Chris Lynch's Reviews > The Mark of the Beast and Other Fantastical Tales

The Mark of the Beast and Other Fantastical Tales by Rudyard Kipling
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Dec 23, 11


Phew! Finally finished this bible-thick volume of Kipling's 'weird fiction', and am now enlightened as to what a prolific and talented author he was, and can recognise the tendrils of his influence in the work of other authors that followed him.

Strangely, Rudyard Kipling wasn't a name that I associated with this kind of writing - prior to reading this, the works he had written that were known to me I could count on one hand. The Jungle Book. Riki-tiki-tavi. Kim. Just So Stories. I'd heard of 'The Phantom Rickshaw' but didn't know it was by RK.

After WWI, and with the waning of British Imperialism, Kipling came to be decried in what are known as 'liberal circles' as somewhat of a racist and imperialist due to the jingoistic tone of many of his works, his support for the Boer War and his friendship with Cecil Rhodes, and I think this negative view of Kipling persists in the minds of many. But his work needs to be viewed in the context of the times in which it was written, and taken for what it is, which is the work of a skilled and clever author.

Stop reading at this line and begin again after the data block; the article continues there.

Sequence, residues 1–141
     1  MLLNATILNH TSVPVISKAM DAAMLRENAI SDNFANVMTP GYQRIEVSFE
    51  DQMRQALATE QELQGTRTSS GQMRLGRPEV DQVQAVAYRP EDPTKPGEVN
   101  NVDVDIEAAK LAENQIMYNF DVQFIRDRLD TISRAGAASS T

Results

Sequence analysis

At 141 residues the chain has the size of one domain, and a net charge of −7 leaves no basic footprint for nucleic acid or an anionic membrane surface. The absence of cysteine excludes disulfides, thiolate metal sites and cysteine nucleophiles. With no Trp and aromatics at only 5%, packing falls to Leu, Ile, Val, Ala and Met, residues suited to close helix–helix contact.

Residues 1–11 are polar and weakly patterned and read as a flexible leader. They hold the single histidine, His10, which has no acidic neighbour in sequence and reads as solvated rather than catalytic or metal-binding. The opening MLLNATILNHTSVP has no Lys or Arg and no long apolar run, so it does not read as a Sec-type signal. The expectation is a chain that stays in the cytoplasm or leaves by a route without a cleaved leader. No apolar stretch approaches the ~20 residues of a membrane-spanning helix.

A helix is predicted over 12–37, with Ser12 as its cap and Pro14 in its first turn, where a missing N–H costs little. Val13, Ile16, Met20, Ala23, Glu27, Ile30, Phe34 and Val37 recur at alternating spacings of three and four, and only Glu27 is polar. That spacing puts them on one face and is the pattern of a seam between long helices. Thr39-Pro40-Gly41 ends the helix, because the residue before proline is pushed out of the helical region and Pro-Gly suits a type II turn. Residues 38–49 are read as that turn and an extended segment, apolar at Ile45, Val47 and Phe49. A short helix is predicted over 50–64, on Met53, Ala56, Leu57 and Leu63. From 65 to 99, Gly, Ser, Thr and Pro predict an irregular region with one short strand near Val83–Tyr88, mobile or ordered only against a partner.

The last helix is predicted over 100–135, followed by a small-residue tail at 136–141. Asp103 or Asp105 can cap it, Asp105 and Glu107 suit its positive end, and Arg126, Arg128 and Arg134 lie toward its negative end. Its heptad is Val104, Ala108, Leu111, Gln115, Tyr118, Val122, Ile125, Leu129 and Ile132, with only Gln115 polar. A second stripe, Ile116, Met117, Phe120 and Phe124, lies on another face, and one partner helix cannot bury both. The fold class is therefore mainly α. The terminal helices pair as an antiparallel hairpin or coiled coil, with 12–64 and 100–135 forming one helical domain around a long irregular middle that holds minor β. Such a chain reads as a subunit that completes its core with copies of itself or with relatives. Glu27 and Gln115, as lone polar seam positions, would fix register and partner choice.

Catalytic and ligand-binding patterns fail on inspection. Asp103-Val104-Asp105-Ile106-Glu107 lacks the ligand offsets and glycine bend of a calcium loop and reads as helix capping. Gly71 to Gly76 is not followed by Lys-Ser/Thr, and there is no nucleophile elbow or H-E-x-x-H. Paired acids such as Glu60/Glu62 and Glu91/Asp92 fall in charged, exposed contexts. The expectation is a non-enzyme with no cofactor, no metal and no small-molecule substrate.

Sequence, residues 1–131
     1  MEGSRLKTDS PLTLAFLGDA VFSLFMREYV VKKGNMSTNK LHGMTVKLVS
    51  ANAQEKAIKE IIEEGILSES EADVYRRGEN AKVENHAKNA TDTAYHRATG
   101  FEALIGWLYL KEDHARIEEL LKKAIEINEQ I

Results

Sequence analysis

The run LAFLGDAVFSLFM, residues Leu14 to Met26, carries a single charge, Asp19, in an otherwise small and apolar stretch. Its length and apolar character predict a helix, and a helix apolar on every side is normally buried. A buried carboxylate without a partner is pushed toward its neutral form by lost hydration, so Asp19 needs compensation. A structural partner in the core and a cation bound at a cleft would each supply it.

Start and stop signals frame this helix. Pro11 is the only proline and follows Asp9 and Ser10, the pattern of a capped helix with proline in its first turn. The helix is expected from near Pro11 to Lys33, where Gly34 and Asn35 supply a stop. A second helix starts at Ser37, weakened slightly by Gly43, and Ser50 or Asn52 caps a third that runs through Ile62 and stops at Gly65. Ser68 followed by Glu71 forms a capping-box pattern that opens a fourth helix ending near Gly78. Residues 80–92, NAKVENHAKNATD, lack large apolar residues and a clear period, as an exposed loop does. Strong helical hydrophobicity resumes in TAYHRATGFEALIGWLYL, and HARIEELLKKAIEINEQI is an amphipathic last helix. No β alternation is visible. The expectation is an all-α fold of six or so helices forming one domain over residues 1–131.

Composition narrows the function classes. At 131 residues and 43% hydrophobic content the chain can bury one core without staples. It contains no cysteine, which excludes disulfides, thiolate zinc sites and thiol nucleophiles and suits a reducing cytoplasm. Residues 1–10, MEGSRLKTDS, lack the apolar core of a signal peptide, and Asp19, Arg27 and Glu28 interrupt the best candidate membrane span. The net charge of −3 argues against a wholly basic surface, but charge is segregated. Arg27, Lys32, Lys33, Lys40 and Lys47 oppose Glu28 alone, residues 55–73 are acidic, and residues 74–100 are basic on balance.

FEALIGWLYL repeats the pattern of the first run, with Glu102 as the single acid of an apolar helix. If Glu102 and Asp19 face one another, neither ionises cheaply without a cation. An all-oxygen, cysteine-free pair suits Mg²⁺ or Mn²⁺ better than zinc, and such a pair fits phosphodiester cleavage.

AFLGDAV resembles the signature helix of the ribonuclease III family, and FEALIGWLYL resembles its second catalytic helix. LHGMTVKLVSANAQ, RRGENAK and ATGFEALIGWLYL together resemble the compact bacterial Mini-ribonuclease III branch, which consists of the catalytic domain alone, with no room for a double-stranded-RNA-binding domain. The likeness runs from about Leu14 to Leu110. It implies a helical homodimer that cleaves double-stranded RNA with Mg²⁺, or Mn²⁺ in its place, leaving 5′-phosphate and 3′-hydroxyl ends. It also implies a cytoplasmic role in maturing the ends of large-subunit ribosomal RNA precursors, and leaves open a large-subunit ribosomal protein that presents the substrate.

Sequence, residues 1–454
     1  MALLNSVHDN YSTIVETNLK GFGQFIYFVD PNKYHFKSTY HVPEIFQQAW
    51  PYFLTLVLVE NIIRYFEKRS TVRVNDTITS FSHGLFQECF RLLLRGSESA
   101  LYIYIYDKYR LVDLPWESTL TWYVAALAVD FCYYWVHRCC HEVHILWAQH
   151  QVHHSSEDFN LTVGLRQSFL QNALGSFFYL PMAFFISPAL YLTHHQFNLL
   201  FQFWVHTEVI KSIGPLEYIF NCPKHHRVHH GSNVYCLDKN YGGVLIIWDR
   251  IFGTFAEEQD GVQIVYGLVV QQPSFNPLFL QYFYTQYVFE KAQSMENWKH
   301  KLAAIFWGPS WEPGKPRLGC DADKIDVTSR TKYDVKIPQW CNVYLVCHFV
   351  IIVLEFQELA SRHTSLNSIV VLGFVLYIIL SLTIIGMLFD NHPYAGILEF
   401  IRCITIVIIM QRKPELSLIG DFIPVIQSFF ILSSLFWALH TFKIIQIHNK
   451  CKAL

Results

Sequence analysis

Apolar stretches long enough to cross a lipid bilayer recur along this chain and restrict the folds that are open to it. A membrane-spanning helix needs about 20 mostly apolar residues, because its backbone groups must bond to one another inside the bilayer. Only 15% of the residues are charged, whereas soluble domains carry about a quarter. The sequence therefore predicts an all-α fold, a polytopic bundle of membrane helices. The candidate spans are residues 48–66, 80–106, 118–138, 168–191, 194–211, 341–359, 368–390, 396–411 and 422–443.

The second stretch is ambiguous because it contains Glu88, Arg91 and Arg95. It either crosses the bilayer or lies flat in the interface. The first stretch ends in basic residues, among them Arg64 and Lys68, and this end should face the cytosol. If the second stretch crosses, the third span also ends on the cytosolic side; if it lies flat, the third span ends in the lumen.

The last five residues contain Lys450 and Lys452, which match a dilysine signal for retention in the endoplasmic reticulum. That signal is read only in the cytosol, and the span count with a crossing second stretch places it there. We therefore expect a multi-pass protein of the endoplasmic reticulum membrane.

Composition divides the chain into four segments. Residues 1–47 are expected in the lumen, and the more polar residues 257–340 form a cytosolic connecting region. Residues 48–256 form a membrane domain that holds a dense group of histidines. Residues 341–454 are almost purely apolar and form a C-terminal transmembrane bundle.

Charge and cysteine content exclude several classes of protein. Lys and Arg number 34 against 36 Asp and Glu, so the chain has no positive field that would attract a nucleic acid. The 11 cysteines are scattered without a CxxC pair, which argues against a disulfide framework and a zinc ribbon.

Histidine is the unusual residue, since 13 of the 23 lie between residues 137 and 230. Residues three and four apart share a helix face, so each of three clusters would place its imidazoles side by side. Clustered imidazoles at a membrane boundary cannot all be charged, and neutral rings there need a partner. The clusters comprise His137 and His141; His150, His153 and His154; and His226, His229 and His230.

Besides which (at least in these stories), Kipling's imperialism is actually tinged with a very healthy degree of cynicism for the workings of Empire, and his racism does not express itself in hateful language. In fact you will find a good deal more racism in the works of other fantastical writers who succeeded him, such as R.E.Howard or H.P.Lovecraft (both of whom I respect and admire as authors).

The thing I enjoyed the most about reading these stories is the picture they paint of life in the latter part of the 19th and early 20th century. Kipling writes about people from all walks of life. Though well-connected, Kipling was no stranger to hardship and suffering, and his life was filled with a breadth of personal experience of the human condition. This is what separates Kipling from many other authors of weird fiction - he writes convincingly, with believable characters, and his stories are more than a mere facile vehicle for whatever bit of phantasmagoria he wants to dangle in front of the reader.

Top marks.
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